Tamiya Bearings
Body Shells
Tamiya Shells
Electronic Speed Controllers
Tamiya ESC
Radio Equipment
Tamiy Radio
Dampers
Tamiya Shocks
Tires
Tamiya Tires
Wheels / Rims
Tamiya Wheels


★ Tamiya Willy's Wheeler ★
Tamiya Willys Wheeler -


Hints and Tips


Rechargeable Batteries
for RC Models


   At the time this article was written, there are four types of Rechargeable Batteries that are commonly in use of Radio Controlled Models.
Ni-Cad (Nickel Cadmium) Batteries have been around the longest. My first stick battery, purchased way back in 1987 was rated at 1200Mah (Mili Amp Hours) and with a silver can 27 Turn motor my Tamiya Boomerang would run around in the back yard for a good seven minutes before slowly coming to a stop. Ni-Cad development continued until around 1998 to a maximum rating of around 2000Mah and matchers pack builders and battery technicians were able to put together six cell packs with voltages approaching 7.4 Volts, to give those that could afford them, an edge over the rest.

   Ni-Mh (Nickel Metal Hydride) Batteries came along in the late 1990s, and by the year 2000 were available at ratings up to 3000Mah. Again, matchers and pack builders worked hard to provide the ardent racer with packs to provide that little bit of extra power, and ESC manufacturers also chipped in with improved controllers to take full advantage of this new technology.
   Now the problem wasn't gearing the car to get to the end of the race using the available battery power, but to find the brushed motor that could handle gear setting that provided the speed and acceleration without the motor overheating and wearing the commutator too much so it needed a skim after every 2 runs. My favourite at that time was the 9 Double.

   More recently, Li-Po (Lithium-Polymer) Batteries have appeared on the scene, providing are a huge step forward in performance when compared with Ni-Cad and Ni-Mh batteries. However, Li-Po Batteries are much more expensive than previous battery types, have a shorter effective life of between 200 and 400 charge cycles, compared to well over 1000 charge cycles for Ni-Cad and Ni-Mh, and a high degree of care has to be taken when charging Li-Po batteries. They have been known to burst into flames or even explode, for this reason I do not recommend Li-Po batteries for RC beginners.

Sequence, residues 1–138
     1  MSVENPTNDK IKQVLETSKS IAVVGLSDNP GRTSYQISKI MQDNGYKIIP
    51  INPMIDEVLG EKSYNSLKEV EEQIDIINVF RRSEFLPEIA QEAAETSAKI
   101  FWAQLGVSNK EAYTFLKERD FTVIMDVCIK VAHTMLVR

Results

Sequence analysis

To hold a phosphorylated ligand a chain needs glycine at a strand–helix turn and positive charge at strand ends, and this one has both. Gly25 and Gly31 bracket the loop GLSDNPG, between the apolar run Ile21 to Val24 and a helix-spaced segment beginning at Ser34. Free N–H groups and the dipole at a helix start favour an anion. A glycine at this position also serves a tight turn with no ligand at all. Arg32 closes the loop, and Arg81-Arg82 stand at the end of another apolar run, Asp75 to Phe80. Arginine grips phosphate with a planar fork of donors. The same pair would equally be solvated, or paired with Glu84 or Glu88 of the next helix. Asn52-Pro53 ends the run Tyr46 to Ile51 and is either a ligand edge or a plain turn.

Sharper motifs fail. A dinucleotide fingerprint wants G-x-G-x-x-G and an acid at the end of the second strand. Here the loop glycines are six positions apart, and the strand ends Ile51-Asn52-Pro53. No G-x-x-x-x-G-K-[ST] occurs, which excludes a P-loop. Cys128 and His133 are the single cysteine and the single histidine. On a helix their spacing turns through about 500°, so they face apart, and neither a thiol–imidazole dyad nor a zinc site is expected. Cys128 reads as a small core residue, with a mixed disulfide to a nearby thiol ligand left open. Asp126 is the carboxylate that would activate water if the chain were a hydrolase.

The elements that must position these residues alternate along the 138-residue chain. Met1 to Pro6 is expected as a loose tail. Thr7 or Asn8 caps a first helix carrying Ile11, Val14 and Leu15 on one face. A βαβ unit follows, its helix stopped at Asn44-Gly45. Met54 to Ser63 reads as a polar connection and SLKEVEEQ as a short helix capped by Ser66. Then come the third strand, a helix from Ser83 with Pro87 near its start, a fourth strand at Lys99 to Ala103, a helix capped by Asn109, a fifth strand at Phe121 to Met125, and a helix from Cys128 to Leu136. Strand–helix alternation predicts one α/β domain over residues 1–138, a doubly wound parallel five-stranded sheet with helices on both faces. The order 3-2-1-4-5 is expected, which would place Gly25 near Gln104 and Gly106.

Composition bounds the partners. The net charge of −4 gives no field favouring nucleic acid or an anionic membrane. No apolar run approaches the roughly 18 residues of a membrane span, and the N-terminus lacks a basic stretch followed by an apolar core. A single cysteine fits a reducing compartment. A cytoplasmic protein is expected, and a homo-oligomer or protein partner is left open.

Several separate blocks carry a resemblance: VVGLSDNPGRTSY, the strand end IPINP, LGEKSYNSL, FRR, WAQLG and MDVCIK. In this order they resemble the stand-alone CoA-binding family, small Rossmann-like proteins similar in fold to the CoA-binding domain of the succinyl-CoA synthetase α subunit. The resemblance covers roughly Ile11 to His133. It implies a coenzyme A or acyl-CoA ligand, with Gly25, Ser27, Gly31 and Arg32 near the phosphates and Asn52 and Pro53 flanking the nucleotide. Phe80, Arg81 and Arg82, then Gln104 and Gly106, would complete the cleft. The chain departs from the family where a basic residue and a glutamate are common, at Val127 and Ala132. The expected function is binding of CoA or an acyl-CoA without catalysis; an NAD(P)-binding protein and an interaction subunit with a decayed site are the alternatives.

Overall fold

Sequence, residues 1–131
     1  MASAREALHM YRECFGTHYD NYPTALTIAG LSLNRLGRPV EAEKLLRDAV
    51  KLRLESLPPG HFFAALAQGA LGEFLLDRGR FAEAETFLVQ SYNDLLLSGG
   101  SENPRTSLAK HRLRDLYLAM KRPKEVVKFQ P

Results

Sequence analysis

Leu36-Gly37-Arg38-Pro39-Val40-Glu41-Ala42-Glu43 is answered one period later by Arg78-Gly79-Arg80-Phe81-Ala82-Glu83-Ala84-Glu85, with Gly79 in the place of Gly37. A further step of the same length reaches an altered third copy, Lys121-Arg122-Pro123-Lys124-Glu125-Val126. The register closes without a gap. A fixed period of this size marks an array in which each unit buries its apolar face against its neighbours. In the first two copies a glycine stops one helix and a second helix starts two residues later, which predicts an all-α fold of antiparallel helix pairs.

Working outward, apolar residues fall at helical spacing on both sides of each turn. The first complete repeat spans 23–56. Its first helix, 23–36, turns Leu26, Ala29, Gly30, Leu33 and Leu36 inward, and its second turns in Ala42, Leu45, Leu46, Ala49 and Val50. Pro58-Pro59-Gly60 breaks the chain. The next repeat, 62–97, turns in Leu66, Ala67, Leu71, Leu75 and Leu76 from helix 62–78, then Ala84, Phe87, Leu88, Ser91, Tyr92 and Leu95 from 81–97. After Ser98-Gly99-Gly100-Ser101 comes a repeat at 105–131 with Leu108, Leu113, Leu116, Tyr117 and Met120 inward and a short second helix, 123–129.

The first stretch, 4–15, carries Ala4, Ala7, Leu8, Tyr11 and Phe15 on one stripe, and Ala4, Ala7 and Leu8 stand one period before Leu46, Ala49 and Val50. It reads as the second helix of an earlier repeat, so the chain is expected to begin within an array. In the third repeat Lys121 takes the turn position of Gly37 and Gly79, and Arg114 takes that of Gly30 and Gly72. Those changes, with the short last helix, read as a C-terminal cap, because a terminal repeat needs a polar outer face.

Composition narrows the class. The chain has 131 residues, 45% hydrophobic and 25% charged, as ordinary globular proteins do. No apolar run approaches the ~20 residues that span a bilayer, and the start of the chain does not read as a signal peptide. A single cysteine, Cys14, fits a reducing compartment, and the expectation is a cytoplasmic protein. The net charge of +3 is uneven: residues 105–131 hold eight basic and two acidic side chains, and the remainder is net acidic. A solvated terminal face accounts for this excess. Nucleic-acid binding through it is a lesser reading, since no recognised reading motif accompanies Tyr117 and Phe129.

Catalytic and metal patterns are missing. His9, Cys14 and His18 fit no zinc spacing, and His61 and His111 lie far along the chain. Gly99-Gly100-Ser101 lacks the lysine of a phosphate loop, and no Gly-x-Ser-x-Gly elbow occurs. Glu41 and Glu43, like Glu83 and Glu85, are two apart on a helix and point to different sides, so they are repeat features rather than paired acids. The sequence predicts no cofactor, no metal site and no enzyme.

Another problem with Li-Po packs is they are physically bigger in size, so for those with older "Vintage" models, they may not fit into the provided space for the battery on the chassis.

   The latest development in battery technology for RC are Li-Ion. Originally produced for Laptops, Ipods, Tablets and the like, they are now available for RC models. Much like Li-Po for price and charge cycle life, the power and capacity is a moderate improvement, but for me, at the moment, not worth the expense.

   One final word of warning. NEVER leave your charging Li-Po or Li-Ion battery unattended when being charged, and NEVER above the recommended charge rate. After use, store each battery with about 60% charge remaining, and always in a fireproof bag.


For More Setup Information check out my Hints and Tips page.


Trend Times Toy Store


On/Off Road
RC Models:

Other RC Models:

Radio Equipment:

Accessories:
Buggys

Formula One

Monster Trucks

Rock Crawlers

Touring/WRC/Drift Cars

Trucks/Truggys



Airplanes

Boats/Ships

Helicopters

Motorcycles

Submarines

Tanks



Crystal Sets

Receivers

Servos

Transmitters



Batteries

Battery Chargers

Bearings

Body Shells

Dampers (Shocks)

Electric Motors



ESC

Nitro Engines

Pinion Gears

Spur Gears

Tires

Wheels